Ted Galen Carpenter
The notion that the many entrenched quarrels between Washington and Pyongyang could be resolved at one summit meeting is inherently unrealistic.
There should be a pervasive sense of relief that tensions on the Korean Peninsula have eased dramatically, culminating in the surprisingly cordial atmosphere of the Singapore summit between Donald Trump and North Korean leader Kim Jong-un. Instead, much of the reaction among Trump’s liberal critics has consisted of sneering and sniping at the results of that meeting. It is another unfortunate manifestation of America’s increasingly dysfunctional political culture. Worse, such a knee-jerk, ideological response can undermine prospects for a lasting, beneficial change in the acrimonious relationship between the United States and North Korea that has plagued the international community for decades.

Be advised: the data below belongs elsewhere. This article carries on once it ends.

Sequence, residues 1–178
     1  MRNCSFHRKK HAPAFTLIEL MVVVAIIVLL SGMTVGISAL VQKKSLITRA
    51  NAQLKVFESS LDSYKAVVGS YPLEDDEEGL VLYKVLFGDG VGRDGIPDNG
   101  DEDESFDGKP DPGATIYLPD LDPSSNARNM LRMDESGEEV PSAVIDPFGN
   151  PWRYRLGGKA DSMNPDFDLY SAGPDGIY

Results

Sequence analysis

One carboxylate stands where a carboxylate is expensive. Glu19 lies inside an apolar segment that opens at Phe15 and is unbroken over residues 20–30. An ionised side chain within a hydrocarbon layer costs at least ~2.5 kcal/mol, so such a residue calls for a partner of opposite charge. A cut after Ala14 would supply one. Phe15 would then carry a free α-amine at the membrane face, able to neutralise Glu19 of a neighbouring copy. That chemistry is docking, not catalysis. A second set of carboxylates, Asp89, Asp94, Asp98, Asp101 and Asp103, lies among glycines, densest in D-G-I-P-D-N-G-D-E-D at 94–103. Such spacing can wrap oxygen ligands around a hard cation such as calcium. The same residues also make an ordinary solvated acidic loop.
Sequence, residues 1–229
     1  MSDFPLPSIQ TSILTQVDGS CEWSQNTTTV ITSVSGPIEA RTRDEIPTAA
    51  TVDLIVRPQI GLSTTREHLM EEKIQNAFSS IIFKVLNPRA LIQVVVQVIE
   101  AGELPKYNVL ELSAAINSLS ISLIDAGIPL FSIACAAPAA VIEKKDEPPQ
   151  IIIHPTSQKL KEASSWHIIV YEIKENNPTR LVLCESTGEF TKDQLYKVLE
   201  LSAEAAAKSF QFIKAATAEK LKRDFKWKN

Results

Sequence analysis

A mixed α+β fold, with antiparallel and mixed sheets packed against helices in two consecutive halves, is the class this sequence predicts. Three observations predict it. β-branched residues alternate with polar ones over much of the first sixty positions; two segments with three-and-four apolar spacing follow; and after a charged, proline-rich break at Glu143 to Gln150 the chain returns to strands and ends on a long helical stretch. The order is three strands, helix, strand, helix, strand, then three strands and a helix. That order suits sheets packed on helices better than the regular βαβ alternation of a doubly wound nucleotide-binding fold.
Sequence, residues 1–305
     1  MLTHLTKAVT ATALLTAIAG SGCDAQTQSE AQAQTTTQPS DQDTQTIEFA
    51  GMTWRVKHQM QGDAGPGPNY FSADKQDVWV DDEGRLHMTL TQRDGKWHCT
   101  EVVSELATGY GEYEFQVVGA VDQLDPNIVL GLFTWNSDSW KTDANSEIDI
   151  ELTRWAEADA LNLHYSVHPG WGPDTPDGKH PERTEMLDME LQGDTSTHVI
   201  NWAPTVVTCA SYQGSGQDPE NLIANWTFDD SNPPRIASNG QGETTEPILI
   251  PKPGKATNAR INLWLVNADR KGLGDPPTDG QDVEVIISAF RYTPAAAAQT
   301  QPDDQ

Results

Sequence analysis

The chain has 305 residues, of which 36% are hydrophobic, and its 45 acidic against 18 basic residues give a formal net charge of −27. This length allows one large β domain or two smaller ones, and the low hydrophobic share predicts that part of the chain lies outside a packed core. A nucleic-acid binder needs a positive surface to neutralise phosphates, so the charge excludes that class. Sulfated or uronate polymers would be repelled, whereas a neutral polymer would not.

Critics level various dubious objections regarding the summit. One is that Kim emerged as the clear winner from the talks. Some of the same people who denounced Trump just a few months ago as an unhinged warmonger who would plunge the Korean Peninsula into unimaginable bloodshed now depict him as an ill-prepared amateur that the wily North Korean easily conned.
The United States afforded Kim a huge boost in prestige, the argument goes, by affording him a face-to-face meeting with the president and treating him as an equal. “In his haste to reach an agreement, President Trump elevated North Korea to the level of the United States while preserving the regime’s status quo,” intoned House minority leader Nancy Pelosi. Other congressional Democrats were equally caustic. “What the United States has gained is vague and unverifiable at best,” Senate Minority Leader Chuck Schumer groused. What North Korea has gained “is tangible and lasting.”